Having class deep in the basement of the library isn’t anyone’s idea of a fun time. There are no windows to stare out of, no nearby classes listening to videos with the volume way up, and, worst of all, no cell reception. For those lucky enough to connect to the WiFi, this is hardly an issue. The rest must choose between panicking over their now-jeopardized Snapchat streaks or listening to the professor and diligently taking notes.
When sophomore Julie Erkin found herself winding deeper and deeper into the library on the first day of classes, her waning cell connection worried her: “I didn’t know what I’d stare at in class when I wanted to avoid participating. I felt lost…dazed…confused.” For Erkin, the first two classes were a marathon. With no access to Tinder, Instagram, Snapchat or Vine compilations, Erkin struggled to stay seated for the entire 75 minutes.
“I wanted to run,” Erkin told the Misc. “I wanted to scream and sprint up the stairs until I could see light again and know that I was within reach of a cell tower to check up on my Snap streaks.” At the beginning of the second week, a change came over Erkin. “I had nothing else to do, so I started listening. At first it was super boring, like who can’t define phenomenology in a simple and easily-digestible manner? But I started seeing the nuances of the essences of essences, and, like, grasping the essence of that, and suddenly I realized that the world is the fact and my thoughts are experiences of it, but that’s not right either because that’s an analysis of myself, which is a thought, which is not a fact stemming from the world. It was eye-opening. Everything feels fresh and new.”
Friends close to Erkin report a change in her general attitude as well. Eli Haden ’20 described what it’s like to spend time with an Erkin who pays attention to her professor.
“I swear if I hear her say, ‘well, to quote Hegel…’ one more time, I’ll chuck her in Sunset Lake. I can’t stand it, I really can’t. She can’t get on the WiFi and doesn’t have cell service for 150 minutes per week and suddenly she talks like she’s got her Ph.D. in philosophy. What is that? In the words of the Ancient Greeks, it’s the hubris of man,” Haden said.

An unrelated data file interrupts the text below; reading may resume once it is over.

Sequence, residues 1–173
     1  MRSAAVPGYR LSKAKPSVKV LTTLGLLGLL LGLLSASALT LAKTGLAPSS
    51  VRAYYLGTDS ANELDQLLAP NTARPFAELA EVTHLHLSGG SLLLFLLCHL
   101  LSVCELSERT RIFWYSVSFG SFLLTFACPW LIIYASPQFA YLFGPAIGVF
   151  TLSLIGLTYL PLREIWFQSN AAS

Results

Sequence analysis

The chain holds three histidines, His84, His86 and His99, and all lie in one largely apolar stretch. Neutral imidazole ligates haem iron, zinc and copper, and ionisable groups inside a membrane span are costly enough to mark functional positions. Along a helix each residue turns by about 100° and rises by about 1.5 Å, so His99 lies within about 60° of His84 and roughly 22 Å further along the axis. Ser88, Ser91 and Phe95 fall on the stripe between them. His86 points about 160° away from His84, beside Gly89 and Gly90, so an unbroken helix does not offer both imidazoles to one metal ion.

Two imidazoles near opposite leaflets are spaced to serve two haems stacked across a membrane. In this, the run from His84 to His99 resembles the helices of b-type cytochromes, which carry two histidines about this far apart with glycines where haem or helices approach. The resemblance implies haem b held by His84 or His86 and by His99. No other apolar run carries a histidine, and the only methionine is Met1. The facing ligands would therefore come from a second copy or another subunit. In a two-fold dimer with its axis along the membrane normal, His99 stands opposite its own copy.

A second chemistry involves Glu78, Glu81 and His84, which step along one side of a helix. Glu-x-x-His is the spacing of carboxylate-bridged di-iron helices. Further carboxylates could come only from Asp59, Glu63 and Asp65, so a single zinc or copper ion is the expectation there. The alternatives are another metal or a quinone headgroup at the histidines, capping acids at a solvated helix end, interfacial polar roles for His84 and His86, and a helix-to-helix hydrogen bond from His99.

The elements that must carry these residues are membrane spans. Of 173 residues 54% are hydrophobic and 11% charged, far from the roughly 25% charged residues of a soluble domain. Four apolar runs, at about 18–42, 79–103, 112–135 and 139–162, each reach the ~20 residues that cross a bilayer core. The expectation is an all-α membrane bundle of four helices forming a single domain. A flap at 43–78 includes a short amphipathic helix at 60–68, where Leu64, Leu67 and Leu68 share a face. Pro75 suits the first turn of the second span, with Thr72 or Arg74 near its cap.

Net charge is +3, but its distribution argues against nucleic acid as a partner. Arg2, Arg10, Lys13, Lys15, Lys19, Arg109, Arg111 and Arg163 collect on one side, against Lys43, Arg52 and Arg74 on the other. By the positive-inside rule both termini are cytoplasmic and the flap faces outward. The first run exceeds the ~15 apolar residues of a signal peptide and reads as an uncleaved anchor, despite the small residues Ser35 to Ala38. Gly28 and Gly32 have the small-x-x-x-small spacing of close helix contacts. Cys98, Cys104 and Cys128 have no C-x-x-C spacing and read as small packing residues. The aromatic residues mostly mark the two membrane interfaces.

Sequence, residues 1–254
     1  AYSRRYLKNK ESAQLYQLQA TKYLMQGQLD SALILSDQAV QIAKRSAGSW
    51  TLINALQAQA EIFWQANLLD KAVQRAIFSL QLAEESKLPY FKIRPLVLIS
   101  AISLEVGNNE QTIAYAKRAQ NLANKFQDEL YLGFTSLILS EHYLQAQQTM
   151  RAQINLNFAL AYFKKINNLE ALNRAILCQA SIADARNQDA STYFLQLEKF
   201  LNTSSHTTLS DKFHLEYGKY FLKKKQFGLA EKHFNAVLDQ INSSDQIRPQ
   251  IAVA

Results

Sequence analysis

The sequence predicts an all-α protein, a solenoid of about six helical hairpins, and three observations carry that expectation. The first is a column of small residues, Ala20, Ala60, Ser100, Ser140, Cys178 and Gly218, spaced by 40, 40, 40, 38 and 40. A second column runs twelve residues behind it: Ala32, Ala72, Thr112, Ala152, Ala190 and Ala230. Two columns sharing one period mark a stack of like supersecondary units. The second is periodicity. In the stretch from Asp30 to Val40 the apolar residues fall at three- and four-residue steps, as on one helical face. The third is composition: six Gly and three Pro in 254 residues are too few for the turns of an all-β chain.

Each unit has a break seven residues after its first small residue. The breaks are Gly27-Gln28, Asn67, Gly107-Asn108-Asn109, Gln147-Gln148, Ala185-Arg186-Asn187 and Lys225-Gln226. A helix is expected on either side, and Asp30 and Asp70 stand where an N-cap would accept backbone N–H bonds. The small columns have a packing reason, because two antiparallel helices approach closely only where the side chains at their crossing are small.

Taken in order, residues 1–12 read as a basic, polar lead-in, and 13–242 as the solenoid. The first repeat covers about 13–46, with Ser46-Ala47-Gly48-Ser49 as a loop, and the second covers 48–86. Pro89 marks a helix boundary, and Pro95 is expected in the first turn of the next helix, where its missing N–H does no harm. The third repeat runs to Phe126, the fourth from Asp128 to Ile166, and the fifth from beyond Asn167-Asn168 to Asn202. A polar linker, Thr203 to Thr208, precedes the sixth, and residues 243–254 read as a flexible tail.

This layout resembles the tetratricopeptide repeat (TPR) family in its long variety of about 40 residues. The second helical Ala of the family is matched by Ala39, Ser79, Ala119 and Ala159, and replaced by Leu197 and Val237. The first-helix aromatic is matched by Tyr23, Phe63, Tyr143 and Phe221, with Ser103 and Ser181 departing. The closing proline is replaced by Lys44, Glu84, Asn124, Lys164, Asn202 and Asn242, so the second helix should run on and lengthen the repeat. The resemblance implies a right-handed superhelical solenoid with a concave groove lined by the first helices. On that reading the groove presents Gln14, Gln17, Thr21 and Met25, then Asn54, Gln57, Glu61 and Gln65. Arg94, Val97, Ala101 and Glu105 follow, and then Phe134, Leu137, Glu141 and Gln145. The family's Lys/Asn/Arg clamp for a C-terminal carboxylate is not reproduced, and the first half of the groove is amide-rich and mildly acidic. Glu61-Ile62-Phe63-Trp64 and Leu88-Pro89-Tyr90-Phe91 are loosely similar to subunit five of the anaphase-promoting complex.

Tristan Elder, a first-year in Erkin’s class, gave their take on their newly attentive classmate. “I guess people get more confident as the semester progresses. She didn’t talk much for the first few classes, but now it’s all the professor can do to get a word in edgewise. I think they’ll have to have a discussion about her conduct in class because it’s seriously like she’s the only one there and it’s her time to tell us about how she knows everything,” said Elder. “It makes me feel bad. Like, if she’s trying that hard to sound smart, I have to try that hard to sound smart, too, but I don’t feel that smart. It’s hard being in class with someone like that.”
Tensions came to a head when Erkin walked into class with a new syllabus and reading list and began to lead the discussion. After a confrontation and brief physical scuffle with the professor, Erkin submitted an application to the Committee on Leaves and Privileges to be allowed to teach the course due to the current instructor’s “gross incompetence,” and the administration launched an investigation into what disciplinary measures need to be taken to address the physical spat between the professor and Erkin.
When pressed for comment about her investigation and petition, Erkin simply stated, “They shouldn’t try to educate us if they’re afraid of what we’ll learn.” To keep peace in the library classroom in the meantime, Computing and Information Services has installed new WiFi routers in the lower levels of the library in an effort to make it stronger and more accessible to any students down there who may consider listening during their class time.